What Is the Difference Between a Grant and a Business Loan?

What Is the Difference Between a Grant and a Business Loan? loading="lazy"

Maybe you've seen ads proclaiming "Government grants for small businesses!" and it's got you wondering if a grant is a better option for business financing than a loan. Business grants and loans can both provide capital for business owners, but they have some major differences to consider. Unlike a loan, for instance, a grant does not have to be repaid. While the idea of free money is certainly appealing, grants—if you can find them—can come with lots of strings attached. Here's what you need to know about the difference between grants and business loans.

What Is a Business Grant?

Business grants come in all shapes and sizes, but they all have a couple of things in common. First, you don't have to repay the money from a grant. Second, the purpose of a grant is to help the granting organization achieve a goal. Federal grants, for instance, could be issued to provide public services, stimulate the economy, support critical recovery initiatives or facilitate innovative research. Meanwhile, Visa offers grants of up to $50,000 for products that deliver innovative payment and commerce solutions to consumers and businesses.

Grants can come from federal, state and local governments; nonprofit and community organizations; and for-profit companies. Many grants are designed to help business owners who have historically had trouble getting financing from banks and investors, such as women, military veterans and members of minority groups.

Competition for grants is fierce. You may see ads touting free grants to start a business, but most grants are for existing businesses, not startups. Having business experience gives the granting organization confidence you can use the grant responsibly to carry out the grant's intended goal.

To get a business grant, you'll first have to find a grant you are qualified for and complete the application process. Grant qualification requirements can be very strict, but some have more general criteria. The complexity of grant applications can also vary greatly: Some require lots of documentation; others are simple, like the one-page application for WomensNet grants, which award $2,000 to $25,000 to women entrepreneurs.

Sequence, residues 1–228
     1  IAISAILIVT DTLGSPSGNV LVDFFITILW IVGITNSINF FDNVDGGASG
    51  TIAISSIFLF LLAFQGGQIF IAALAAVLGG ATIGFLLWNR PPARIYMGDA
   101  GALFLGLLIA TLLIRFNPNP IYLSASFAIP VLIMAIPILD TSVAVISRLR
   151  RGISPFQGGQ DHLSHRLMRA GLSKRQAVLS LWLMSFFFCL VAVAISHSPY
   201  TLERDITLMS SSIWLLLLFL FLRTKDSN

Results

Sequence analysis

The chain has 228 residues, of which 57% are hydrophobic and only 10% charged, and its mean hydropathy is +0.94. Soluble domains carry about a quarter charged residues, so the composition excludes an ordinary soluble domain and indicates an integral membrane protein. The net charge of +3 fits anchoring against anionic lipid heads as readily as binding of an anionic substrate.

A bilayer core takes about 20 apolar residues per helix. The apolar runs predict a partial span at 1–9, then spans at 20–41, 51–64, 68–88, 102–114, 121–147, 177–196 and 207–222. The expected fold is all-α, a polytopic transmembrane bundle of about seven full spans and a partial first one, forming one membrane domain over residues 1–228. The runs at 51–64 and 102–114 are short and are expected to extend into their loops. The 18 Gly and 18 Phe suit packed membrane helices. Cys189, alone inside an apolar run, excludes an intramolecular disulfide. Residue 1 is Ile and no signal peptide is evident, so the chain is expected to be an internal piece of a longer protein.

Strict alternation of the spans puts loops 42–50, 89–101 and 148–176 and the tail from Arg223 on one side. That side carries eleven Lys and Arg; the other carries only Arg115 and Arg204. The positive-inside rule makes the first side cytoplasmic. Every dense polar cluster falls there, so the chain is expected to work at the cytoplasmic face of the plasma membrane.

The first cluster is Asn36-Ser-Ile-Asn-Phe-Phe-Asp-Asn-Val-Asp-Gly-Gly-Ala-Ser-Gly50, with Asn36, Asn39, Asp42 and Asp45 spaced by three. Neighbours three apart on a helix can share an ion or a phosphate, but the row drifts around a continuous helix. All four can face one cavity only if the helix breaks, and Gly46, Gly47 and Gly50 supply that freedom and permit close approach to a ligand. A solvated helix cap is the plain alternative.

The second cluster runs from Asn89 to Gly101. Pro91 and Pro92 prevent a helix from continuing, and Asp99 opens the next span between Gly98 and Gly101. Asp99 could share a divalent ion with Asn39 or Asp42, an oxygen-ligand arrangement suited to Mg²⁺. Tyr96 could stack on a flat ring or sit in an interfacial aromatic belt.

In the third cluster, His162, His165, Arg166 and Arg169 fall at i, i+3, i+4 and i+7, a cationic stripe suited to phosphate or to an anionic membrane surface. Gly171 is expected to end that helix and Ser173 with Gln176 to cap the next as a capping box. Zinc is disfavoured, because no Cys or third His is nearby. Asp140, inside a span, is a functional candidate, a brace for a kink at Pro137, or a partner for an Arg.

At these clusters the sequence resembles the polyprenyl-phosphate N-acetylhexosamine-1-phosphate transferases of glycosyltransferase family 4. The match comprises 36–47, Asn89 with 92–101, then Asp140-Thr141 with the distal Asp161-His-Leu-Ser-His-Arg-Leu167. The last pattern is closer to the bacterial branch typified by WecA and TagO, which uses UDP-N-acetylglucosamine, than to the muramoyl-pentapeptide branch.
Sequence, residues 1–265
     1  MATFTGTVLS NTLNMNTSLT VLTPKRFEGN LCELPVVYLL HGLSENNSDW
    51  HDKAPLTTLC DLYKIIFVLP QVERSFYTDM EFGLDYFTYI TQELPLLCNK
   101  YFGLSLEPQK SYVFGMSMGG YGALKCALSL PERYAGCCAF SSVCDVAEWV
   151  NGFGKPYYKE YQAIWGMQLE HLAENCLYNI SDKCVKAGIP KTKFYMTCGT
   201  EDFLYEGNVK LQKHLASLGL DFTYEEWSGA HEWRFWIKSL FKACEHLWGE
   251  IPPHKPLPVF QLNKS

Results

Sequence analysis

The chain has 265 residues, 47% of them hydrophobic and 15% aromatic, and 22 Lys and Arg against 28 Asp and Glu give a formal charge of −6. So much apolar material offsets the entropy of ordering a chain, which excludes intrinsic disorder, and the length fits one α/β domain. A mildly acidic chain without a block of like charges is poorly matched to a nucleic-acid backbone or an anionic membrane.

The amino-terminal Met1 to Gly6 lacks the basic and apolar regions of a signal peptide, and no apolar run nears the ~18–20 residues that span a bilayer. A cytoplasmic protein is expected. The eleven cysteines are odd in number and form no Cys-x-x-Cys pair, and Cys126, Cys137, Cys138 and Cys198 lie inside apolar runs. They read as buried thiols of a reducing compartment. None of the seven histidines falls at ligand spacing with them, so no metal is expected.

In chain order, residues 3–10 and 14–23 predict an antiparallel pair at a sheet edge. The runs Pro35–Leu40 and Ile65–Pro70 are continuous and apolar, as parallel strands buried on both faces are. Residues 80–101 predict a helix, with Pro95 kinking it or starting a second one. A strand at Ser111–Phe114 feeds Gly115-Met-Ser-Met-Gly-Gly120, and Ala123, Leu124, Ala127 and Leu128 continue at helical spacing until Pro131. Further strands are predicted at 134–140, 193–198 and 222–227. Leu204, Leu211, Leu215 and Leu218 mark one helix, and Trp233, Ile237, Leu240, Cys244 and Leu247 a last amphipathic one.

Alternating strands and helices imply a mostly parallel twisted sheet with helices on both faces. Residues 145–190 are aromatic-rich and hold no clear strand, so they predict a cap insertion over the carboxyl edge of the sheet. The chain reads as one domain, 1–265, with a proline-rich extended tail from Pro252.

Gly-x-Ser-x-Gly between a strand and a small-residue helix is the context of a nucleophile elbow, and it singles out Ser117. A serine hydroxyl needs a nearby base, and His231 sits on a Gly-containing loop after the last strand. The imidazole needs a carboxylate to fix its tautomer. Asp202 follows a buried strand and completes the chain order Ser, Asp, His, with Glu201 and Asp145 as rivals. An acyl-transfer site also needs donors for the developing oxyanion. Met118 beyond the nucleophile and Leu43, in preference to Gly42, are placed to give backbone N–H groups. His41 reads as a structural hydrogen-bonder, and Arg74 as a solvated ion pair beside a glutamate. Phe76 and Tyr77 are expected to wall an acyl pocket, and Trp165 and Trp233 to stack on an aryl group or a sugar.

If your grant application is approved, the organization will dispense the grant money according to its rules. Grantors may also require you to submit ongoing financial records, give progress reports or demonstrate compliance with government regulations as you use the grant money.

You can search for grants with the Grants.gov search tool (although most of these grants are for entities that help business owners, not for business owners themselves). You can also find grants by contacting your state and local economic development agency, Small Business Administration district office, SCORE chapter or Small Business Development Center.

What Is a Business Loan?

Business loans are money you borrow that must be paid back. There are short-term business loans (generally six to 24 months) or long-term loans (usually three years or longer). While grants are intended to achieve a mission, bank loans are intended to make money for the lender. Therefore, a lender's primary concern is whether you'll be able to repay the loan, usually with interest. Many loans are reserved for companies that have been in business for at least a year or two and have a solid business foundation. Because new businesses are riskier investments for lenders, loans to start a business are harder to find.

You can get business loans from banks, credit unions, nonprofit organizations and online lenders. Online lenders focus on smaller, short-term loans and usually have less stringent lending criteria than traditional lenders. For example, they often lend to newer businesses or those with lower credit scores. You typically complete an application online; if approved, loans may fund in a matter of hours. However, online lenders generally charge higher interest rates than traditional lenders.

For business loans of $350,000 or more, or for long-term loans, a traditional lender such as a bank or credit union is usually your best bet. These lenders generally require a business plan, financial statements, income tax records and other documentation. They want you to prove that your business is profitable and explain how you'll use the loan to make it even more profitable.